The global rise of populism has evoked media scrutiny and public concern around the world. But is there anything truly new about contemporary populism, and do populists really speak for the people? Academic research by Queen Mary University of London considers the history of populism, the current landscape, and what it might mean for our future.
The Prototype: France’s Minitel System
"I’m not sure how these things really work, but I know that for us whether it is the Minitel or the web it is not just about giving information, it is about building a new relationship with our voters…"
France’s precursor to the internet, the national Minitel system, connected users to online shopping, banking, travel reservations, and even porn. It connected millions of households to information for free, and by the mid-1980s it also connected them to something else: France’s populist Front National party.
In one conversation in 1997 the party’s founder, Jean-Marie Le Pen, described how the party saw online communication as a way of building a new relationship with voters, “I’m not sure how these things really work, but I know that for us whether it is the Minitel or the web it is not just about giving information, it is about building a new relationship with our voters … You dial us (or log in? or … anyways, you connect to us) and ‘zap’ we’re in your head, we know what you want, we know why you want it.”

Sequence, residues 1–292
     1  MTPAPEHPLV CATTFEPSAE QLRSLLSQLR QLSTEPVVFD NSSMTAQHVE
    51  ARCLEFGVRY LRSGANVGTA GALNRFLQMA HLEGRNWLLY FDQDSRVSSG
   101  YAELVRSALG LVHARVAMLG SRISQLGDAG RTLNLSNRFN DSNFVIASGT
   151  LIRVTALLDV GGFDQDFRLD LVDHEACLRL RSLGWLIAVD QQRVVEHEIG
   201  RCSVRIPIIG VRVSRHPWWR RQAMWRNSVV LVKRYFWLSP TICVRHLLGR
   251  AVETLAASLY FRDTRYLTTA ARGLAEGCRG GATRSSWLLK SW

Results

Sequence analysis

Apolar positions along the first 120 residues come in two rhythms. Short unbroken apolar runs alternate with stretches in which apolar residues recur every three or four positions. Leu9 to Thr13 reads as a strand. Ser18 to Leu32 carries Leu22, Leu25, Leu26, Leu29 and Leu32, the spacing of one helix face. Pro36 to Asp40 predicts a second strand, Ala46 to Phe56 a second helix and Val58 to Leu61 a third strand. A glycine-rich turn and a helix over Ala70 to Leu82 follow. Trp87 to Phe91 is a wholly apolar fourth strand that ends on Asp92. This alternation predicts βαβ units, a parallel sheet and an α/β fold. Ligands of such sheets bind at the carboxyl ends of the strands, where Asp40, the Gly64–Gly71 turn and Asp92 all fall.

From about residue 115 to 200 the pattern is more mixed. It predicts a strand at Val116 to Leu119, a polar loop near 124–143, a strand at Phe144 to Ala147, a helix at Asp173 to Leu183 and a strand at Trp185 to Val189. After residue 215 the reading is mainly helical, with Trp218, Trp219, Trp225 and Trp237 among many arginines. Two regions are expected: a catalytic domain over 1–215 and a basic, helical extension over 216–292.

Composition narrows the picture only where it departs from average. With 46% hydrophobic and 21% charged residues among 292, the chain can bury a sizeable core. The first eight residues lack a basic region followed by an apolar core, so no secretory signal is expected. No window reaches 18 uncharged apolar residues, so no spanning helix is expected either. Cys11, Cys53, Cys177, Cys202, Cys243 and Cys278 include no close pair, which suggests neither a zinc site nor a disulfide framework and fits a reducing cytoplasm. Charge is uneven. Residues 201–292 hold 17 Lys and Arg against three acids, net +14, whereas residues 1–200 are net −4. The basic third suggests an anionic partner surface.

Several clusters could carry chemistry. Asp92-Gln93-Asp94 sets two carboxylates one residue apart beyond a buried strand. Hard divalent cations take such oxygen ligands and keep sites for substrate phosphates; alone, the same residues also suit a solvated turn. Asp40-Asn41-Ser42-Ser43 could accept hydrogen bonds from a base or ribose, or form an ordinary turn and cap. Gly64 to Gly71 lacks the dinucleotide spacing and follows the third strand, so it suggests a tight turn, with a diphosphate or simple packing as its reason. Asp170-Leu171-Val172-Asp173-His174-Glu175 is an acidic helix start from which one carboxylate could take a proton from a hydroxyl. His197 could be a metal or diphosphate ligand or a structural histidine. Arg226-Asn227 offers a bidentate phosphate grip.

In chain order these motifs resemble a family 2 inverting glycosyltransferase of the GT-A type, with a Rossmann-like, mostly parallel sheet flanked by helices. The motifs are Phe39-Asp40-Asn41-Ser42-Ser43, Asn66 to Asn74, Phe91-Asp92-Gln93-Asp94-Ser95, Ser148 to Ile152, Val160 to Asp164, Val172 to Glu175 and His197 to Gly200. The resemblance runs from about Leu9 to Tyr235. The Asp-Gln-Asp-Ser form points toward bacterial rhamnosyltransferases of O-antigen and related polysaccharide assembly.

Since the election of Donald Trump as president of the United States and the United Kingdom’s vote to leave the European Union in 2016, the use around the world of social media and the internet by populist political parties to promote extreme opinions has come under scrutiny as they have risen to power from Brazil to Italy and the Philippines to Poland.
In her new book, Populocracy: The Tyranny of Authenticity and the Rise of Populism, Catherine Fieschi, director of the Queen Mary Global Policy Institute, views the formation in 1970s France of the Front National, or National Rally as it is now known, as the prototype, providing a bridge between the old extreme right and the new right-wing populism of the twenty-first century. But to effectively trace the history of populism, Fieschi argues, we must first define it.
“Populism responds to its times. In 19th-century Russia populism was a ruralist movement; in early 20th-century Argentina it was workerist.”
Stijn van Kessel, senior lecturer in European Politics at Queen Mary, defines three characteristics shared by populist parties in his book Populist Parties in Europe — Agents of Discontent? They portray ‘the people’ as virtuous and essentially homogeneous; they advocate popular sovereignty, as opposed to elitist rule; and they define themselves against the political establishment, which is alleged to act against the interest of ‘the people.’
Simon Reid-Henry, director of the Institute for the Humanities and Social Sciences at Queen Mary University of London, says, “Populism responds to its times. In 19th-century Russia populism was a ruralist movement; in early 20th-century Argentina it was workerist.”
In his recent book Empire of Democracy: The Remaking of the West Since the Cold War, Reid-Henry also sheds new light on our understanding of populism. He explains: “There has been a convergence of economic and political inequality since the so-called Golden Age of post-war economic growth came to an end in the 1970s. Terms like populism and technocracy are, in that sense, a new language for discussing old problems that we have carried into the twenty-first century from the last one: they obscure as much as they reveal. Most of the problems we see today have emerged as democratic institutions designed for efficiency not equality show the strain of trying to manage chronically uneven societies.”